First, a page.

Monday, October 15, 2007

ND and Me

Joel of "NTs are Weird" just wrote a good post on the nature of the neurodiversity movement: it's not limited to vaccines or even autism.

I consider myself more of a dabbler or contemplater than part of the movement. I don't really feel that I'm even qualified to be part of the movement, in part because I'm neither a parent nor an autistic, just a friend/girlfriend of a gentleman who grew up with Aspie traits and is now probably subclinical as an adult (given that the one time he sought an official diagnosis by an MD, he was diagnosed with depression instead of Asperger's or PDD/NOS). So depending on who you ask, he may not be autistic now and may have never even been autistic. But he is neurologically quirky. As are we all, to some degree. Heck, I was a quirky kid myself, even though they couldn't do better than the ubiquitous "AD/HD" diagnosis-wise. The other reason I don't feel qualified is because, well, all I'm doing is blogging. I'm not out campaigning to local groups or governments to end institutionalization or anything grand and admirable like that.

I do also have an Internet friend on the spectrum, but she lives far away and I've only met her in person twice. Long before either of them, I had a real life friend with nonverbal learning disabilities, which has some social skills issues similar to those of an indivdual on the spectrum. She was the person who got me interested in psychology and neuropsychological conditions in the first place, and the reason I'd heard about adult and non-classical autism before I'd even met my boyfriend. I didn't keep in touch with her after leaving college, though...I've never been good about that kind of thing.

I came into the ND blogosphere with the idea of providing a positive perspective on relationships between people on and off the autistic spectrum, given that I was frustrated with the excessive emphasis on what I call "angry wives' clubs" in the world of adult autism and relationships. I had been turned down from a support group for adults in relationship with autism-spectrum individuals because of my youth and relational inexperience not matching the majority of the group, but I still wanted to share my unique perspective to offset the pessimism set forth by certain books and forums about autism and romance. So my interest naturally lies in the realm of the need for better awareness and accommodation for issues related to neurodiverse adults. Autistic-spectrum conditions and other conditions traditionally diagnosed in childhood are largely ignored in adults - little in the way of information, awareness, and service seems to be out there, and well-adjusted adults like my boyfriend constantly run into the "you seem normal to me, so just stop whining and get with the program" problem.

As I got into blogging, though, I diverged from my original idea into writing almost anything remotely related to society and its expectations regarding conformity and disability issues, and I think it's been a while since I've actually written something related to the issue of adults on the spectrum and relationships.

When I started lurking regularly on the Autism Hub, I noticed two things: (1) even the Hub is heavy on parents debating how to treat children, although the next highest component is the writings of autistic adults themselves, which were what really piqued my interest; and (2) they have no category for "friends of autisitc people." Lately there's also a third thing: the administrator is stepping down due to the petty fighting among parents having gotten too serious and dangerous for him and his family, and so the Hub's future is uncertain. (Aspergian Pride's Cure for Ignorance campaign, whose linkroll I've kept on my sidebar ever since I discovered I'd been added to it, could also be a decent place to look for adult autism blogs, and it has some that aren't even on the Hub...but it's kind of harder to navigate. I noticed another form of the listing on their website, though, where they have the blog links available by category.) And on autism forums open to friends, peers, and the general public but centered on the autistic individuals themselves, which my boyfriend introduced me to long before I knew of the Hub, you're going to need a good self-deprecatory sense of humor (which I thankfully have) to deal with all the joking and non-joking anti-neurotypical sentiment there. So it seems like there's a lot of room for improvement with regard to resources for adults and peers. I found a couple of really good forums on Delphi with the help of my boyfriend doing searches, but alas, their best stuff is private, so there's still not a lot that's both out there and easy to find.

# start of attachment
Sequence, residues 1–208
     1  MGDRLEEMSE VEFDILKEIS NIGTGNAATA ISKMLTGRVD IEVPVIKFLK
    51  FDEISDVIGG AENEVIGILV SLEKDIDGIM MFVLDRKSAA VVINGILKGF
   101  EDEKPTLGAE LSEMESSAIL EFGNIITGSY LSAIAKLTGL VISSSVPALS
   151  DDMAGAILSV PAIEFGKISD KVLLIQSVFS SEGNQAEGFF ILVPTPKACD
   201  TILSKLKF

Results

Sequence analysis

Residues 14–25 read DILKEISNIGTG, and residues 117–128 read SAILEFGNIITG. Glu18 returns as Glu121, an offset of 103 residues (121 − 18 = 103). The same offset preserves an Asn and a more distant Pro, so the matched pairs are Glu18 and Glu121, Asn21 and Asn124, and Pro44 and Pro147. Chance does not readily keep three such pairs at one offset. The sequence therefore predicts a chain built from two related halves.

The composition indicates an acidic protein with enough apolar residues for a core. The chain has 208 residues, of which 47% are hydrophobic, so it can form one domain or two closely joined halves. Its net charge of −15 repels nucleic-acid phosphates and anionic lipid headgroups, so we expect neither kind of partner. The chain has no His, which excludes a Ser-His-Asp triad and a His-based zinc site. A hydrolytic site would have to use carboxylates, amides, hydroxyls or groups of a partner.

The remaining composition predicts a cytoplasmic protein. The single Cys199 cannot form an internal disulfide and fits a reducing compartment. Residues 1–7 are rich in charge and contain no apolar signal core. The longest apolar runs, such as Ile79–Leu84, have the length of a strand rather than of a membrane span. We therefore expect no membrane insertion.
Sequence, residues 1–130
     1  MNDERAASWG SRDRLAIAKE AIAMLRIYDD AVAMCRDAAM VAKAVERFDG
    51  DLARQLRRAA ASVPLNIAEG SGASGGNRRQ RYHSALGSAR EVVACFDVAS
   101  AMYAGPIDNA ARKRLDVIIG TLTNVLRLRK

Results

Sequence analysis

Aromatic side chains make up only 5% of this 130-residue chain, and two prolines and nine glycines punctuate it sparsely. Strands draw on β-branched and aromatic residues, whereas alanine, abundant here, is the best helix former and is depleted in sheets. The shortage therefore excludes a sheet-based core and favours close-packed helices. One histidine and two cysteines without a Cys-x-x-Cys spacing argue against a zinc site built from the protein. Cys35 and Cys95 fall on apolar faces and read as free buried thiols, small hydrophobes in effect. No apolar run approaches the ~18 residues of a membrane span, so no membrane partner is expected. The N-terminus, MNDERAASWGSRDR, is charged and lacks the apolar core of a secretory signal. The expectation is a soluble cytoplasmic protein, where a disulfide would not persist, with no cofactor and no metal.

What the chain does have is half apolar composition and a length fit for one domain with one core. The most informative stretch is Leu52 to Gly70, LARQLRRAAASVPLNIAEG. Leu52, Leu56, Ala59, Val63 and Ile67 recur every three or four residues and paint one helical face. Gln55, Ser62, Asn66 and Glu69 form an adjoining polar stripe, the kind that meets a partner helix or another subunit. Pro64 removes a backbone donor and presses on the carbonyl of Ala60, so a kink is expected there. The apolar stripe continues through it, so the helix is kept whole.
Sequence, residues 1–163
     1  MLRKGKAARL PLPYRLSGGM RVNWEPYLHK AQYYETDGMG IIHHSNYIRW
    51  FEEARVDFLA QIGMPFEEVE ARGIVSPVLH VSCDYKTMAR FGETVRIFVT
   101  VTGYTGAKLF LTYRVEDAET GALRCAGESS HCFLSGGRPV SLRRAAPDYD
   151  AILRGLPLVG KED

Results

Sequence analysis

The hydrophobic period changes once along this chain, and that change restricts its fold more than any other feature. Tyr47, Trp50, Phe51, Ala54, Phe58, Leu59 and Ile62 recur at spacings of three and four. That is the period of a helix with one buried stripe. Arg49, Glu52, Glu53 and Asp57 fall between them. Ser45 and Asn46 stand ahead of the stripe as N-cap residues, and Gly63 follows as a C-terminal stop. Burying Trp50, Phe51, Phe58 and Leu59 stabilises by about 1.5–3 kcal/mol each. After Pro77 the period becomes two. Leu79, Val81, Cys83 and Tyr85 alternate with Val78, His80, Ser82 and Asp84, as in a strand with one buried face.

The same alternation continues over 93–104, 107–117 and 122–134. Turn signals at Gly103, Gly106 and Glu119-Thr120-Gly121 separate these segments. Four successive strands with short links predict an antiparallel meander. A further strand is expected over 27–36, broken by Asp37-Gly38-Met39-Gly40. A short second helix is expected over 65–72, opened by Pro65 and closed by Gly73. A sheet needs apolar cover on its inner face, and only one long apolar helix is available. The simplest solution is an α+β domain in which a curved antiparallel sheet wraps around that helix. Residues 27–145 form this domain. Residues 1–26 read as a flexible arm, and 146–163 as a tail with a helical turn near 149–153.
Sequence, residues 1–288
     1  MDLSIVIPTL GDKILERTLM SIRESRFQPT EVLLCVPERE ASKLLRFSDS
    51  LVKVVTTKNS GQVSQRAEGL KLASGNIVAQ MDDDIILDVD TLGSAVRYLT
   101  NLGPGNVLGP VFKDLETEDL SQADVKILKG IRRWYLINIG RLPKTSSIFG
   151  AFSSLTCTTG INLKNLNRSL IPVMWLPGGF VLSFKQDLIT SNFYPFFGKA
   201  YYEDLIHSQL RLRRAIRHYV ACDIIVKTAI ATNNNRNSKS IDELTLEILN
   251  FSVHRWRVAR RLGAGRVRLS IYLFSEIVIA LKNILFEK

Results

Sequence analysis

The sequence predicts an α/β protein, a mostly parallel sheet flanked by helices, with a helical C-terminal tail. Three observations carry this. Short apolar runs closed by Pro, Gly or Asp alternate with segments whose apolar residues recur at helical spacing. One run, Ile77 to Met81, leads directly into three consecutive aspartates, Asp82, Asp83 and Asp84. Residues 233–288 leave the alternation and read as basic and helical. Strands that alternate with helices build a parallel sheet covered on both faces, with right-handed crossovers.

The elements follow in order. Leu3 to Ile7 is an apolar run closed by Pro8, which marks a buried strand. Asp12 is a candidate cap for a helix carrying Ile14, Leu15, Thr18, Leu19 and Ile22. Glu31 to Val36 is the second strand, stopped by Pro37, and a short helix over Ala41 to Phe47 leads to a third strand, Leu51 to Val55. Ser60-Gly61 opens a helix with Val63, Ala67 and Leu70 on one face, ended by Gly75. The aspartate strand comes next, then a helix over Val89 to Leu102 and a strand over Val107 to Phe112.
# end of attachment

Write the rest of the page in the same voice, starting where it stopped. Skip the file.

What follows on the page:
I'm still working on forming my beliefs, positions, and causes. Hell, I hope I always will be, because if I stop refining my beliefs I will be closed minded. But here's my list of things that I would at least nominally support at this point: greater awareness of autism, learning disabilities, and the like in adults; destigmatization of neuropsychological conditions; debunking of the myths of what the autistic mind is like, e.g. lack of empathy and seeing people only as objects (autistic adult blogs are great for this); reasonable accommodations without fanfare (I really liked ABFH's "left handed scissors" post on the issue); and more positive perspectives and resources out there for the friends and partners of people with neuropsychological quirks (so we don't have to live in ignorance and wonder why our peers can't just act as normal as they seem, or else to feel like we're not officially qualified to care about or take interest in the well-being of our friends and people like them). In fact...not only are friends and nonmarried partners likely to feel unqualified to speak out about autism and neurodiversity issues, parents and autistics will sometimes even fight with each other, each saying that the other's category either doesn't belong in the advocacy movement or belongs on the sidelines! That is just pure suckage. Infighting is unlikely to help people get what's best for themselves, their friends, and their loved ones.